If voting machines in Cedar Rapids, Iowa, broke down on Tuesday, or if a New York voter displaced by Hurricane Sandy was not sure where to cast a ballot, then there’s a good chance someone in Kirkland & Ellis’s New York office heard about it.

The firm’s office hosted a call center on Election Day to field questions about election laws from voters around the country while also providing assistance on the ground at various polling sites. The effort was in conjunction with Election Protection, a nonpartisan initiative supported by a variety of legal and civil rights groups that has recruited thousands of volunteers to man its toll-free hotline, 1-866-OUR-VOTE. As The Am Law Daily has reported, Kirkland is one of several Am Law firms offering up volunteers and office space this year to host call centers in New York and other locations across the country. The firm has been hosting call centers since 2002.

On Tuesday, about 40 phone stations lined long tables that formed a circle around a large conference room on the 50th floor of Kirkland’s midtown Manhattan office. The volunteers—mostly consisting of Kirkland lawyers and staff, but also drawing on lawyers from the New York offices of other firms—received advance training in order to answer questions on voter laws in the areas this particular call center services: New York, Wisconsin, Iowa, North Dakota, and Kansas. Volunteers were also provided with computers and binders full of information relevant to the states covered to ensure they could handle voters’ questions.

By midday, calls were already flooding in from around the country. Adam Humann, a Kirkland litigation partner who has volunteered with Election Protection since 2006 and now heads the firm’s Election Day efforts, says the call center had received 71 calls from voters within just a 15-minute period shortly after noon. Questions ran the gamut from voters simply trying to find the appropriate polling location to more serious reports of potential disenfranchisement. Should a more serious issue arise, such as reports of voter intimidation, volunteers on the phones were to relay those reports to Election Protection “captains” in the office like Humann, who in turn would contact officials at the Board of Elections.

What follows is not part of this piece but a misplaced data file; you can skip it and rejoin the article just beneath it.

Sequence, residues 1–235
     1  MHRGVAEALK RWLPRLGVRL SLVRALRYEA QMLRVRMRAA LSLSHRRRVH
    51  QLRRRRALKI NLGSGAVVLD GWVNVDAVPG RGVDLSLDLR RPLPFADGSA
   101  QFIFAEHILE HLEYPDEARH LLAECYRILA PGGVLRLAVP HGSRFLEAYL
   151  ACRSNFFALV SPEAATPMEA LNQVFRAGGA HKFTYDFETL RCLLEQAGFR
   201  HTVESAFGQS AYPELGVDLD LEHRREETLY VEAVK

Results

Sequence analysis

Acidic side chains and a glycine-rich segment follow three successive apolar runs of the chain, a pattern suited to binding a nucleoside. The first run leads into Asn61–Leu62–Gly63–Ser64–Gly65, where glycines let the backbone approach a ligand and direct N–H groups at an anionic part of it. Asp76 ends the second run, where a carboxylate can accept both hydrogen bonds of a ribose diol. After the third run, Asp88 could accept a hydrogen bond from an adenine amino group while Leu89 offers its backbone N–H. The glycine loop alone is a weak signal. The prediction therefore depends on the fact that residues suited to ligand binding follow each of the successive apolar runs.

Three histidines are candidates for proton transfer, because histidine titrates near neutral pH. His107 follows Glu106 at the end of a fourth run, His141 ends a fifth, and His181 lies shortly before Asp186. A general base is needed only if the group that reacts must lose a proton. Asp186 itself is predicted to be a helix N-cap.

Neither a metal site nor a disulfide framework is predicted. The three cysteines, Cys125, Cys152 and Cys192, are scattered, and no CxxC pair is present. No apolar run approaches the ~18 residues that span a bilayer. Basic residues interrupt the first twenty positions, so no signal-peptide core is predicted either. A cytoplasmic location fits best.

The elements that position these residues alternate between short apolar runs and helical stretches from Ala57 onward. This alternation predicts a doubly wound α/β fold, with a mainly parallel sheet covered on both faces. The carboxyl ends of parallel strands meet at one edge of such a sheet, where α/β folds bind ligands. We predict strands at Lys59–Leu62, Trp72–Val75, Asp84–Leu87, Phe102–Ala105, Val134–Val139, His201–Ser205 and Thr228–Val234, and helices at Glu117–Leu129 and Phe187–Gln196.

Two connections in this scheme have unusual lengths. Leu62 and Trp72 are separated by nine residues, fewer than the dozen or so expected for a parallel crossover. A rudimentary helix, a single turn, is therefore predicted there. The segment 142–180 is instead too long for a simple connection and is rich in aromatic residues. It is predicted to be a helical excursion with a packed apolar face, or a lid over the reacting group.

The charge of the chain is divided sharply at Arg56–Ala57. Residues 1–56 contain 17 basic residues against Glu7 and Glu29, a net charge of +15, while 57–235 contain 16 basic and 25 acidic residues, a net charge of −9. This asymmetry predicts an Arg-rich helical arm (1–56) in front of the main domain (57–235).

“The call volume is just beyond what I’ve seen,” says Humann.

The aftermath of Hurricane Sandy may have had something to do with the increase, as a number of calls dealt with voters displaced by the storm scrambling to find their polling places. An executive order issued by New York Governor Andrew Cuomo on Monday allowed state residents in areas affected by the storm to vote at any polling place in the state. Humann says some callers simply needed help from local election officials to ensure that poll workers would, in fact, allow them to vote at a different site.

But even with the state’s concession, voting remained difficult for relief workers who traveled from other regions to pitch in with the storm recovery effort. Kirkland litigation partner Marjorie Lindblom, who is a director and trustee of the Lawyers’ Committee for Civil Rights Under Law, which administers the Election Protection hotline, says one utility worker from Rochester who came down to help turn on the power in Westchester County wasn’t able to vote. She adds that while Cuomo’s order was “a terrific step,” it did not make all the necessary accommodations.

Although there was some concern that the aftermath of the storm would weaken volunteer efforts on Election Day, the call centers were able to adjust. Of the seven Am Law firms that had planned to host call centers in their New York offices, Sullivan & Cromwell and Fried, Frank, Harris, Shriver & Jacobson both had to drop out due to storm damage. But fortunately, Skadden, Arps, Slate, Meagher & Flom stepped up at the last minute to host a call center for voters who speak Spanish in Fried Frank’s stead, according to Nancy Anderson, the director of Legal Mobilization and Pro Bono for the Lawyers’ Committee.

“We’ve seen at the other call centers that folks have really just risen to the occasion,” Anderson says.

Anderson adds that Davis, Polk & Wardwell, which also hosted a call center in its New York office, coordinated with both the New York State Bar and the City Bar associations on a last-minute recruitment effort to bolster the ranks of volunteers at polling sites for the election.

Despite concerns over staffing, Humann says all of Kirkland’s call center shifts had been filled for the later part of the day and he and Lindblom expected a total of nearly 170 volunteers throughout the day.

“I’m amazed how many people have shown up,” Lindblom says. “We were really concerned that we would lose a lot of volunteers. But not only did most of the people who’d originally signed up show up, but other people signed up on a last-minute basis.”

Volunteers sat through four-hour shifts that ran from 8:30 a.m. to nearly 9 p.m. the day before the election, and from 5:30 a.m. to 9:30 p.m. on Election Day. (Some of the volunteers, who received pro bono credit for participating, even chose to take on multiple shifts.) During breaks between calls, some volunteers could be heard swapping stories from some of their zanier calls, with one volunteer saying he had a man ask if it was alright to wear a shirt advertising the Democratic Party to his polling place.

Alexis Brine was among the volunteers working the phones on Tuesday. A first-year associate who just joined Kirkland in October, Brine says she saw volunteering for the call center as a great opportunity to make sure people around the country are able to vote. She says that much of her time Tuesday was spent helping voters find their polling place.

“A lot of people aren’t at home, so even though we tell them, ‘You can vote anywhere’ . . . they just don’t know where the nearest polling place to where they are right now is,” she says.